Once upon a time, there was a sex-crazed warlock defiling all the womenfolk in town. Their husbands and fathers banded together, using the warlock's own magic against him and condemning him to an eternity imprisoned in the form of a scarecrow. Many lifetimes later, the cornfield where the nameless warlock slept is on the verge of being razed to make way for a shiny new mini-mall. The sorceror, still trapped in a body of burlap and straw, is awakened. The descendents of the Goodman family are being slaughtered, one by one, until the warlock can get what passes for his hands on a book of dark magicks. Once he does, he can reclaim his true body and...I don't know, destroy everyone and everything or something equally apocalyptic.
So, yeah, supernatural killer, hefty body count, some inventive murders, a couple of good-lookin' twentysomethings caught in the middle...you know how this whole thing goes. That's kind of the problem with Night of the Scarecrow; it's a
It's just such a missed opportunity because Night of the Scarecrow really does have a lot going for it. I like that the Final Girl (Elizabeth Barondes) isn't the meek virgin that you usually get in these sorts of movies. Claire is brassy, self-assured, and can take care of herself. Can't really say anything bad about a cast that also includes Stephen Root, Gary Lockwood, and John Hawkes, and it's especially a treat seeing the generally-older-than-his-years Hawkes playing a snotty, overentitled punk. The look of the scarecrow is creepy and unnerving, and the supernatural element makes for some decent kills, though the budget and mandated R rating limit how much gore can be sloshed around. C'mon, you're running a thresher over a guy; don't just toss a bucket of stage blood onto a wall! One kill has some tendrils bursting from a teenaged sexpot's tits, dragging her out the back of a van and into the earth below, which seems really inventive and different. Can't get your hopes up too much because someone else suffers a very similar death when he bursts at the seams with straw a little while later. I wish there were more strange, surreal moments like a pig puttering around a church or a haymaker that's not a punch so much as a blown kiss, but there's not a lot like that to go around.
What's really frustrating about Night of the Scarecrow is that it's not that bad. It's lined up the right cast, and the folks on the other side of the camera clearly know what they're doing. It's just that I'd rather a movie take chances and fail than play it so middle-of-the-road safe like this. Other than "oh, wow, John Hawkes!", a couple of standout setpieces, and snickering at some howlingly inept circa-1995 CGI, there's not a whole lot that's worth mentioning about Night of the Scarecrow. Skip It.
Paramount (or whoever) didn't exactly pull out all the stops when preparing this high-def master of Night of the Scarecrow. There's a good bit more speckling than average. Clarity and fine detail have a tenuous grip on the lower rungs of okay. Film grain is present but frequently muddy and clumpy. The image overall is considerably softer than I'd expect, contrast skews flat, and I don't think there's a pure black lurking around anywhere in the entire flick. I get the impression this is kind of an old, musty HD master which would look lousy on Blu-ray even under the best circumstances, and...well, we're not exactly talking about the best circumstances either. The coarse, chunky texture of the grain can be problematic, particularly in one strobe-heavy sequence where Night of the Scarecrow clearly lacks the bit budget it needs.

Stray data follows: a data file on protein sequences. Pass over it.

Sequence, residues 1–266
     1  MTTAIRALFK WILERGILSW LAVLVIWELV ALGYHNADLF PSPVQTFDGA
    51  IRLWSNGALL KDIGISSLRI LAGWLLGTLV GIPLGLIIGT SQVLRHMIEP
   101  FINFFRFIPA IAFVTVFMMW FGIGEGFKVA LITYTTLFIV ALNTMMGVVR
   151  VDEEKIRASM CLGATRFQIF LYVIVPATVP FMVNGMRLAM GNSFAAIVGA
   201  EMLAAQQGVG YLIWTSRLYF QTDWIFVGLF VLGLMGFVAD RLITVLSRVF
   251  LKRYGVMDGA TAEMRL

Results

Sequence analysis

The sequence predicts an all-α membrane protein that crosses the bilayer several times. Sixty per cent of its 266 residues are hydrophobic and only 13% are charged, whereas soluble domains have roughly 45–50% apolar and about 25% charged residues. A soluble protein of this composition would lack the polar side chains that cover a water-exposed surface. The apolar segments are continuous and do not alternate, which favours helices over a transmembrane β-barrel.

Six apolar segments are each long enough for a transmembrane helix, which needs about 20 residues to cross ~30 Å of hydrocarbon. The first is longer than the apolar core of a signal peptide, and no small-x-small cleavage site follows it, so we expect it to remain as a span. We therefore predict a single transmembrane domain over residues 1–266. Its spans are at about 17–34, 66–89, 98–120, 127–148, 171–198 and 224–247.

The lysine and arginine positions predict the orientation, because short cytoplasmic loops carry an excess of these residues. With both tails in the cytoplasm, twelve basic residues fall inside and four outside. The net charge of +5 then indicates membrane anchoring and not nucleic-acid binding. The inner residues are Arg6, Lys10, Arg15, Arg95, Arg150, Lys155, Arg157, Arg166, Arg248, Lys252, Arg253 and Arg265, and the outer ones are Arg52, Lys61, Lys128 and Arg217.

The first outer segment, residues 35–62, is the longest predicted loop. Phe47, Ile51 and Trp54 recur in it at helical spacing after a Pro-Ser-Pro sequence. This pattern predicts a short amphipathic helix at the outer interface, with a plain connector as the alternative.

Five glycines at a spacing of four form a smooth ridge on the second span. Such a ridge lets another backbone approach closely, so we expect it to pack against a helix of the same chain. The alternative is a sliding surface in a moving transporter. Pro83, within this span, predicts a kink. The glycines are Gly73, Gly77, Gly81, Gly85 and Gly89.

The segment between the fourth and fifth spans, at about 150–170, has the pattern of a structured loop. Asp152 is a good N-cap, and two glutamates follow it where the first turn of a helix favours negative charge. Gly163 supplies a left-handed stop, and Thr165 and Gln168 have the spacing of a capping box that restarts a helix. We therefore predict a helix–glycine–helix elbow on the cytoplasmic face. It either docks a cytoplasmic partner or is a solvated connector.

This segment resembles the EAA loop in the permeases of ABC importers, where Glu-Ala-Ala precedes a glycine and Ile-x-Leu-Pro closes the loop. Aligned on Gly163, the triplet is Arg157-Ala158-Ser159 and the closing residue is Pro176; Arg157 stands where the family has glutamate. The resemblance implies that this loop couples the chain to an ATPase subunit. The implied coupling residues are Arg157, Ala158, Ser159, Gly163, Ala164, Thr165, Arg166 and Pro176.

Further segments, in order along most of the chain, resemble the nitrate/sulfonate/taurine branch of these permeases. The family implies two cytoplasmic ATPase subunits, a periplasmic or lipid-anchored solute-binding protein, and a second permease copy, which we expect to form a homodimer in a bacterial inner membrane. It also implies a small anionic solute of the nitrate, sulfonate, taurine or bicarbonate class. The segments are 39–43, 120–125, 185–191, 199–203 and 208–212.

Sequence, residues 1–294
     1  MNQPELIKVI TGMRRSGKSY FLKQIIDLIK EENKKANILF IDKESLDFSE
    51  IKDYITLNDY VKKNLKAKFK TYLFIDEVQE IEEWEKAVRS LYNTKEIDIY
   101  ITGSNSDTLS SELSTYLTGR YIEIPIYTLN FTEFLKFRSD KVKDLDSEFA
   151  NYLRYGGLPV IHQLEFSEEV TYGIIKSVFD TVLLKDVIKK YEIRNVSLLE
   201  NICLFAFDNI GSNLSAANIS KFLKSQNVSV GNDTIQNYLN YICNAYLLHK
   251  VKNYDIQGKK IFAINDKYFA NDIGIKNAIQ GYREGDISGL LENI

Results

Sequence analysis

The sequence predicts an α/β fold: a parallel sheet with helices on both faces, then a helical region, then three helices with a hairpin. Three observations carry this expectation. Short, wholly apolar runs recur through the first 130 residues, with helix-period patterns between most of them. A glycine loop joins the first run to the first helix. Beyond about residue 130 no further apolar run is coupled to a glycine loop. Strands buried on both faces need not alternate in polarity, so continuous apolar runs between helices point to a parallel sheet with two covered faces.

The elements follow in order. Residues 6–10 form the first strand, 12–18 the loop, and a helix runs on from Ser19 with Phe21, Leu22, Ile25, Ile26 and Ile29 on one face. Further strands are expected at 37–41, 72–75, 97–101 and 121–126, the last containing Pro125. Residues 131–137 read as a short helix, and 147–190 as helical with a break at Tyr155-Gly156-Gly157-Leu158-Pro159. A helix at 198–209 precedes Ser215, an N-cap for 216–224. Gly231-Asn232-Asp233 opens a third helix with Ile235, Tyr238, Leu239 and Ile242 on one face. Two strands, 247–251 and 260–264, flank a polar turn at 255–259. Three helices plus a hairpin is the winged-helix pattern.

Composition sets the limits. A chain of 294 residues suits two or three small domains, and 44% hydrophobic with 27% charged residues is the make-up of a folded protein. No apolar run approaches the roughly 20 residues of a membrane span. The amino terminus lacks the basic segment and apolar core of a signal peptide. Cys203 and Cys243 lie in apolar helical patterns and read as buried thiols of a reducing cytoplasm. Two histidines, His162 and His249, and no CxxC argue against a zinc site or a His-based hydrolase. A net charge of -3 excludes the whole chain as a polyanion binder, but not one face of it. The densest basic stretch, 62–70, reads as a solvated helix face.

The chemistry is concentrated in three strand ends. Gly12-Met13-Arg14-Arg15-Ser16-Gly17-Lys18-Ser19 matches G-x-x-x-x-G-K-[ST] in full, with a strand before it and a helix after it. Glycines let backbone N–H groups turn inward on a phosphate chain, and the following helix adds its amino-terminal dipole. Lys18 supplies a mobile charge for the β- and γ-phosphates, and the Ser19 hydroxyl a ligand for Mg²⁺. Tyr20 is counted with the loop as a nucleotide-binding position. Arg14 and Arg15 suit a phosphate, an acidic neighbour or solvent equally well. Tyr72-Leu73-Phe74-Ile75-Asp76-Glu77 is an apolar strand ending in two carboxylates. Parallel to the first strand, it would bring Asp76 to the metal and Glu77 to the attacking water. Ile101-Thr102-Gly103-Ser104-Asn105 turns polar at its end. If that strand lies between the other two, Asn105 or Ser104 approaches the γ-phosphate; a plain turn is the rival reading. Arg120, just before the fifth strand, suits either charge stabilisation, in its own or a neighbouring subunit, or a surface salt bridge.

Hey, don't take my word for it. Click on any of these screengrabs to pop them open to fullsize and see what I mean. The first is a pretty extreme case, admittedly, due to some clunky digital compositing. In the second, you can see the encoding struggle. The third and final shot gives you more of a typical idea what to expect out of Night of the Scarecrow.
Not unwatchable but definitely sub-standard. To go ahead and rattle off the rest of the technical specs: BD-25. 1.78:1. AVC.
Night of the Scarecrow's 16-bit DTS-HD Master Audio stereo soundtrack is even more of a disappointment. It's a thin, trebly mix, and not a single effect in the movie -- not even some of the explosions once the climax rolls around -- packs anything resembling a wallop. The higher end of the spectrum is harsh enough that I had to turn down the volume on my receiver a lot for it to feel comfortable, and the reproduction of much of the dialogue is still barely tolerable.
No subs, no dubs, no remixes. The only other audio option is a commentary track.
I was kind of surprised to see such a healthy stack of extras. Thanks, Jeff Burr!
The Final Word
It's kind of interesting seeing some of the familiar faces in the cast, and Night of the Scarecrow does trot out a few really nice looking setpieces, but none of that's enough to salvage this limp, lifeless, uninspired, instantly forgettable slasher flick. Skip It.